Wallabies were first released near Lake Ōkāreka in 1912. Since then they have been steadily expanding their distribution. It is estimated that if no control work is undertaken, a third of the North Island could be impacted by the spread of wallabies within 50 years.
Why wallabies are an issue
- Wallabies have a huge appetite for many of our native seedlings, shrubs, ferns and grasses which prevents their regeneration, changing the structure of our forests and reducing their ability to support our native birds and other wildlife.
- Wallabies love pasture grasses, which means they compete with livestock for food.
- As wallabies are nocturnal and cautious, they can be hard to find.
- The Bennett’s wallaby, found in South Canterbury and spreading into Otago, is also threatening native ecosystems, farms and forests.
- If wallabies are not controlled they could spread across one third of both the North Island and South Islands over the next 50 years and could New Zealanders $84 million a year by 2025 (includes lost farm production and ecosystem services).
In 2020 as part of the ‘Jobs for Nature’ funding, $27m was allocated over a four year period to control wallabies in New Zealand. Administered by Biosecurity NZ (MPI), the four year funding will be delivered through partnerships with regional councils, Department of Conservation, Iwi, landowners and the community.
North Island wallaby control strategy
The programme’s success relies on first preventing their spread from areas where they are already established, which is known as the Containment Area.
In the North Island the Containment Area is approximately 260,000 hectares. The Containment Area’s shape uses natural wallaby barriers around its boundaries such as rivers, steep gorges, and lakes, while also considering current known wallaby population densities.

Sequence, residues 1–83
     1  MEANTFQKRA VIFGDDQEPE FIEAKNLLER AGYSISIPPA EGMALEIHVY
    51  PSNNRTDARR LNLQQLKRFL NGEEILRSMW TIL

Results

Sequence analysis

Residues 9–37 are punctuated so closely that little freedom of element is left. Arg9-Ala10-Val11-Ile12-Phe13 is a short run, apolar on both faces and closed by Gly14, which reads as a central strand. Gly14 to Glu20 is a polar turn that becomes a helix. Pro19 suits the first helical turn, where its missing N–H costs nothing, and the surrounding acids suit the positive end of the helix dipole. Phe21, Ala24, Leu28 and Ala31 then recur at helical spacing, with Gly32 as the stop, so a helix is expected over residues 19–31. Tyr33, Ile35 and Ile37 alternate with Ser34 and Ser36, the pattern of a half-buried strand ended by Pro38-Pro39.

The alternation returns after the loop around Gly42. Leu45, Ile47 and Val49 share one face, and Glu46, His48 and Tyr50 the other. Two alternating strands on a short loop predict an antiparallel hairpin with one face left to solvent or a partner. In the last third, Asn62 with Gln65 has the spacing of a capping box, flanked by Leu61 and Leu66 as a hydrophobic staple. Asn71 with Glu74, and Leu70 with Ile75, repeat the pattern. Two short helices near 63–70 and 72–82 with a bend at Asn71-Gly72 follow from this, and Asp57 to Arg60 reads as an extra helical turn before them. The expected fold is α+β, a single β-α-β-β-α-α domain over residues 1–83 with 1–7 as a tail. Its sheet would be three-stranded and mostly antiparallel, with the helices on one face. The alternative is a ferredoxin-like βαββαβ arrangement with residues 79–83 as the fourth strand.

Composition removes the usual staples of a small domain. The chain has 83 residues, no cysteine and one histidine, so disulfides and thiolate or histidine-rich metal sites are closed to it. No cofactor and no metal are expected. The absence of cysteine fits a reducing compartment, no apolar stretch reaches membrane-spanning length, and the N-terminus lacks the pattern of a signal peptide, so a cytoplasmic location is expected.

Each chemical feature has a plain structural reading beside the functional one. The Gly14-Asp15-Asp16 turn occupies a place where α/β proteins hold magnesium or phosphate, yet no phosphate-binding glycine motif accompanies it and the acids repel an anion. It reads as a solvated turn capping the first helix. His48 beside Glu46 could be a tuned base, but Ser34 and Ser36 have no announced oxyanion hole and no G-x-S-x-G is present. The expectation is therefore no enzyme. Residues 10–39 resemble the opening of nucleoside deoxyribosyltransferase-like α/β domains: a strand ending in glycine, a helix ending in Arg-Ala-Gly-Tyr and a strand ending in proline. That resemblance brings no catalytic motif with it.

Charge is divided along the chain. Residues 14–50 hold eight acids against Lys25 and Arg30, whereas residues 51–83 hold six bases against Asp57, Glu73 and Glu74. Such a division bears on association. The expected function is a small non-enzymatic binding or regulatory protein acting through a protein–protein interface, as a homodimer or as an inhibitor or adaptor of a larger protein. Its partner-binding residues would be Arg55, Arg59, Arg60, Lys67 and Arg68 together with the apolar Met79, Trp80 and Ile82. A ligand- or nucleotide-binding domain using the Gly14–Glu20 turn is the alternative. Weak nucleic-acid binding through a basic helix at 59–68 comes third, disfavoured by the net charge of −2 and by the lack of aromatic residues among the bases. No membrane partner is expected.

Surrounding the Containment Area is the 'buffer' (shown below in yellow on the map below), where operational work aims to reduce wallaby populations, so they are less likely to move out of the Containment Area to find food and habitat.
Longer term, we can then strategically target wallaby populations inside the Containment Area and, with the help of landowners, iwi, and community groups, progressively reduce the overall size while investigating the possibilities of eradicating wallabies from the central North Island.
The below map shows the current Containment Area and the buffer zone, which has been identified as the area where priority will be given:
Central North Island Containment Area.
Current operations: Dama wallaby control
Current activity is focused on surveillance and control of ‘satellite’ populations in areas where wallabies are believed to be dispersing from. Contractors, with specially trained wallaby indicator dogs and trail cameras, are being used to locate and determine the extent of dama wallaby populations.
Where wallaby populations exist outside of the containment area, councils will work with the landowners to plan and deliver wallaby control (currently at no cost to landowners). Landowners/managers located within the containment areas are advised to contact their council Biosecurity staff for advice on wallaby control options to suit their situation.
Wallaby-proof fencing has been installed at Ōkere Falls and SH5 along the boundary of Whakawerawera forest to reduce the potential ‘leakage’ of wallabies in areas where no natural barriers, such as rivers, exist.
Find out more
Sign up to the dama wallaby e-panui to receive 6 monthly updates on progress being made to control wallabies in the central North Island.Sign up now